An open letter to Jabulani Leffal and KCUR Central Standard Time in Kansas City,
We met at the Kauffman Foundation after the Global Women’s Entrepreneur’s summit. I’m building a business to help people learn accurate information about the psychiatric system, namely that mental health treatments are not evidence based, and psychiatric labeling often does more harm than good. I thought you knew some of this research based on our conversation.
I thought you understood that psychiatric survivors have a different approach than disease marketers.
I have heard your show host numerous guests who are not spreading honest mental health information.
Two months ago, you hosted ReShonda Tate Billingsly, who repeatedly talked about:
- a need for medications (unproven),
- the genetic basis of mental illness (unproven) or
- that seeking treatment improves outcomes (unproven).
I tried to call in but they denied my call, saying that the author wasn’t a subject matter expert and she didn’t want to be put on the spot. Well, I have to explain the problem in the frame of discrimination and prejudice against psychiatric survivors like me.
What is a psychiatric survivor?
I am a psychiatric survivor. What this means is I survived the treatment, not the illness. There are about 30,000 of us in the US, as I told Reshonda Tate Billingsly in person that night at her talk. I got a standing ovation from her crowd when I mentioned the 12 diagnoses, 29 medications and 7 shock treatments I survived. But I did this by finding honest information. We are part of a mental health civil rights movement. We are working to free our people from the misinformation about mental health that is reflexively spread by the disease model advocates you talk to. These people have not truly examined mental health research. It is not a matter of life or death for them as it was for psychiatric survivors, so we often know more science than the professionals.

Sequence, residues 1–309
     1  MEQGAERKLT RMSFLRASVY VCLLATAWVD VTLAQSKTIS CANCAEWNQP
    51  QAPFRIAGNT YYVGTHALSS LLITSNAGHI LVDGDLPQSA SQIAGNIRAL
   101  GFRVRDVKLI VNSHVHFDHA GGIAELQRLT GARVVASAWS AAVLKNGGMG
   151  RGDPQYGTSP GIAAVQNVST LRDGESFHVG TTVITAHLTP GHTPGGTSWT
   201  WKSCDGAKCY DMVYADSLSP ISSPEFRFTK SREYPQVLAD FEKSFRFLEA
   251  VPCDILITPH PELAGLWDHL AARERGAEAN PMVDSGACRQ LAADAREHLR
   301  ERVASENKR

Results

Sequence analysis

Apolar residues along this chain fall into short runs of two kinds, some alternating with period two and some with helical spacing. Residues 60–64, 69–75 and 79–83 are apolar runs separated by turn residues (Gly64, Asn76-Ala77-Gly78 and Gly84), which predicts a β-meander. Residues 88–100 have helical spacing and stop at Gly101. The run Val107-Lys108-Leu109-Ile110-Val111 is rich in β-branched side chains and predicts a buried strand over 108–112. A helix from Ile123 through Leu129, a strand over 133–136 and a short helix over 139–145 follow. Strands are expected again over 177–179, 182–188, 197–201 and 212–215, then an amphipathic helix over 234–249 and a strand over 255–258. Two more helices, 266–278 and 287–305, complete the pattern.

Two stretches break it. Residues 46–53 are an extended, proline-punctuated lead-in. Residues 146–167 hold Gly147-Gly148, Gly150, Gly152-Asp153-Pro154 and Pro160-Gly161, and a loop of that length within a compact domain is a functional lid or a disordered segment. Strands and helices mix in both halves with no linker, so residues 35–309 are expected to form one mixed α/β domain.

In all oppressed communities, sometimes we just have to make fun of the oppressors. Some of them are even people like your NAMI guests who think they are our allies. Today they said that the “DSM-5 probably the most transparent of all the DSM editions created,” as if there wasn’t over 400 different professional organizations signing petitions against it.
Some of these disease model advocates that you host as guests are so out of touch with the psychiatric survivors’ fight for freedom that they don’t even know we have an agenda. I recently met quite a few of them that didn’t even know our civil rights movement existed. Do you?
Invite psychiatric survivors to all your mental health coverage:
Please, can you not promote any more sanism, or mental health lies, by putting on the air people who are this out of touch with honest scientific information? We don’t need any more accidental racists or sanists who don’t even know that many of us are fighting for our civil rights and indeed our very lives that are being taken day by day from psychiatric poisoning based on these lies.
Please, whenever you do a mental health show, if you must invite disease model advocates to your show, please also invite psychiatric survivors so that you can promote a more balanced, honest, hopeful message about how emotional distress is temporary, not a permanent illness.